Hilary O’Connell, an Old Paradian who later served with the Royal Australian Navy in Korea, Malaya and Vietnam, died recently at the age of 89.

Born in Richmond, Hilary was an old College contemporary of Kevin “Skeeter” Coghlan. Both were members of Parade’s Leaving B Class of 1944, the year the late Bill Dunne capably officiated as College Captain.

Eugene O’Connell said this week that his older brother, having obtained his leaving certificate at the Old Bluestone Pile, completed his HSC equivalent at Stott’s Business College in 1945.

Eugene, himself a final year Parade student of 1948, recalled that Hilary aspired to be a pharmacist, and although he worked for 12 months in a pharmacy “he couldn’t get into the pharmacy profession as positions were largely taken up by returned servicemen who were given priority”.

“In the end, he joined the Royal Australian Navy,” Eugene said.

“He was 17 years nine months when he enlisted in Melbourne.”

Hilary’s career with the RAN began in Darwin in 1946, before he later completed a diploma in electrical engineering at Adelaide University.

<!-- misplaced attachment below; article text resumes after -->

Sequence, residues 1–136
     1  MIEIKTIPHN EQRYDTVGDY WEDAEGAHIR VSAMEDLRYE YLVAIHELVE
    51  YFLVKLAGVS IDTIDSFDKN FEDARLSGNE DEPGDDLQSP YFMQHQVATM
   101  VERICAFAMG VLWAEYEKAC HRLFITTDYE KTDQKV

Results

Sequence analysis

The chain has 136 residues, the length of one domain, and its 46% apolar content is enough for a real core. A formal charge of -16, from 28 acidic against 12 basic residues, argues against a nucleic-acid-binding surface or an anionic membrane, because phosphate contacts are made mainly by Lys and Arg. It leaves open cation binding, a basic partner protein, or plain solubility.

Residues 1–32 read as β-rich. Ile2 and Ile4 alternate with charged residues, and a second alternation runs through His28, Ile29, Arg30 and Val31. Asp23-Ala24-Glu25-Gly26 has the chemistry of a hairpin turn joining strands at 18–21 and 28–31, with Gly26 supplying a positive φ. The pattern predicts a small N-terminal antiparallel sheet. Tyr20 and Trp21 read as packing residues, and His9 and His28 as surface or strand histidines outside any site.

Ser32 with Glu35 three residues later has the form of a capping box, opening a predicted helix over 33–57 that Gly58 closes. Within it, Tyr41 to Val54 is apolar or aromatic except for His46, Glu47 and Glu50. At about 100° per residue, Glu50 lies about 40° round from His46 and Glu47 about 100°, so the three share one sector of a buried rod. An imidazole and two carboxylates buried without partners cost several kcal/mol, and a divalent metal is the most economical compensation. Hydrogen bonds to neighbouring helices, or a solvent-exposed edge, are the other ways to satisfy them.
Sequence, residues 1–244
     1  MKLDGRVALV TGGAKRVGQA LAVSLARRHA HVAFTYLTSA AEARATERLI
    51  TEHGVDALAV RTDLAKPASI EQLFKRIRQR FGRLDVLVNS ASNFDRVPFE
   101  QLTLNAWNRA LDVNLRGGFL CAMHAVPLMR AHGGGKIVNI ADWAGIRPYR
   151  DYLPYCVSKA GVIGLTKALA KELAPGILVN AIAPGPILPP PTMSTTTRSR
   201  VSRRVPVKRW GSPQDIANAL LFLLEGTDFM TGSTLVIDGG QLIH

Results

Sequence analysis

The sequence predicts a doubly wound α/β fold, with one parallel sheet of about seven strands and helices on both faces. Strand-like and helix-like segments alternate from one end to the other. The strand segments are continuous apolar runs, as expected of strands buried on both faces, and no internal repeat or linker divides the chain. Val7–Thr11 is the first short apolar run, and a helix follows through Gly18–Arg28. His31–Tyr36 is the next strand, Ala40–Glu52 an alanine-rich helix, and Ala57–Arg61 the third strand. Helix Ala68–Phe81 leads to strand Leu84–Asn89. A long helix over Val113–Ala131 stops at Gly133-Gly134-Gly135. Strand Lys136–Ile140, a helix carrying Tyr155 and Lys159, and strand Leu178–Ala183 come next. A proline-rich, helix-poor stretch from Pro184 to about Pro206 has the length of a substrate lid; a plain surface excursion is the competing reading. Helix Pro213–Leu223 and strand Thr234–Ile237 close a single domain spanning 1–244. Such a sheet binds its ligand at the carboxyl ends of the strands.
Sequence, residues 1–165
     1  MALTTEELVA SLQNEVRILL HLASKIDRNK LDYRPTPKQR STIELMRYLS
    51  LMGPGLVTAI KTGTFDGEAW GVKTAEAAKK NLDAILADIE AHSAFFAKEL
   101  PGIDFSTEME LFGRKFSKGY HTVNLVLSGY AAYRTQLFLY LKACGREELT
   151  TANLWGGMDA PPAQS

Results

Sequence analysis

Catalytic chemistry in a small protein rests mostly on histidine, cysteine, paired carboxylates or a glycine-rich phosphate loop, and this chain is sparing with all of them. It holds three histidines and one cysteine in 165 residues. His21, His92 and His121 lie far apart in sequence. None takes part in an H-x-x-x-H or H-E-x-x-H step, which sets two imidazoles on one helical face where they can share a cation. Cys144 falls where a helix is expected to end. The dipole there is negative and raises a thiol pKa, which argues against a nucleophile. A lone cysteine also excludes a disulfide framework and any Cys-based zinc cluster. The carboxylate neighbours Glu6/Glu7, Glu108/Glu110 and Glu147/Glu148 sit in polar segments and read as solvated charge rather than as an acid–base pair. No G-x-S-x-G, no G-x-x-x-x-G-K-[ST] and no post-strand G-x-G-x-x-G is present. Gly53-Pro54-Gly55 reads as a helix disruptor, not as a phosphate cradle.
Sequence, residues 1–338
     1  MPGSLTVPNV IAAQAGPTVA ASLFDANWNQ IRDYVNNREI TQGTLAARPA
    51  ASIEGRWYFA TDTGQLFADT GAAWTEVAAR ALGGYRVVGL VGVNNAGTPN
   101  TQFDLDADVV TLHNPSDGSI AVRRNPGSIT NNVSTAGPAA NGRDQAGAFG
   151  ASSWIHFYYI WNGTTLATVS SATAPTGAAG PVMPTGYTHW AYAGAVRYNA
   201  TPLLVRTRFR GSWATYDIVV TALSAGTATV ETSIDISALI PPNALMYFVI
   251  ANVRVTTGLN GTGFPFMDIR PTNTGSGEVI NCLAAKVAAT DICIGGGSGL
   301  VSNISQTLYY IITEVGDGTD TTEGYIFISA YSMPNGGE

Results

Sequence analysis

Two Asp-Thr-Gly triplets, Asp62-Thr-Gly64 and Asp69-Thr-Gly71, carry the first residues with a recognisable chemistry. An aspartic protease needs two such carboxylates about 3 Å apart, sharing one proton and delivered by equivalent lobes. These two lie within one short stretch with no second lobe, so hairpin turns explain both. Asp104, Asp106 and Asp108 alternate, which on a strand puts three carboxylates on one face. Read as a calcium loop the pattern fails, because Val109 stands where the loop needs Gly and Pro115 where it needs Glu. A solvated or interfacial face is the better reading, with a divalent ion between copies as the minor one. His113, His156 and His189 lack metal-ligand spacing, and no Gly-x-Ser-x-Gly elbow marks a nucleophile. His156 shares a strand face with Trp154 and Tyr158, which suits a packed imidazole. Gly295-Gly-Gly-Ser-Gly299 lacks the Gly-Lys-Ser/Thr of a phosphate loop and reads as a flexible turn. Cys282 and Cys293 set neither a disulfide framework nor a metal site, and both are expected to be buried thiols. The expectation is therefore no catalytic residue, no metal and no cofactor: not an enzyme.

He then spent three years in the United Kingdom, during which time he was involved in the shipping of radar equipment. On his return to Australia, he completed tasks at Flinders Naval Depot, before serving with the Navy in Malaya. He then committed three years of his working life in the United States, during which time he assisted with the exporting of naval equipment to Australia.

Hilary later served in Korean waters on HMAS Sydney and completed various land appointments as an instructor – the last of them in Nowra, where he assisted chief petty officers in the use of upgraded naval equipment.

Then in Vietnam, as Chief Electrician Weapons Radio on the HMAS Brisbane, Hilary completed a three-month stint from July 1969. As this detail was not known to the Old Paradians’ Association, Hilary becomes the 50th former student identified as having served in Vietnam.

Hilary later settled in New South Wales with his wife Shirley and their three sons – Anthony, a doctor, and sons Peter and Richard, both solicitors.

He died at Warrawee on the Upper North Shore of Sydney, Shirley having predeceased him by four years.

Eugene described his brother as “a person who lived within himself”.

“The last time he was in Melbourne I took him to the old Paradians Luncheon in the city. He met a few old friends there and he really enjoyed the occasion,” he said.

“We always kept in strong contact.”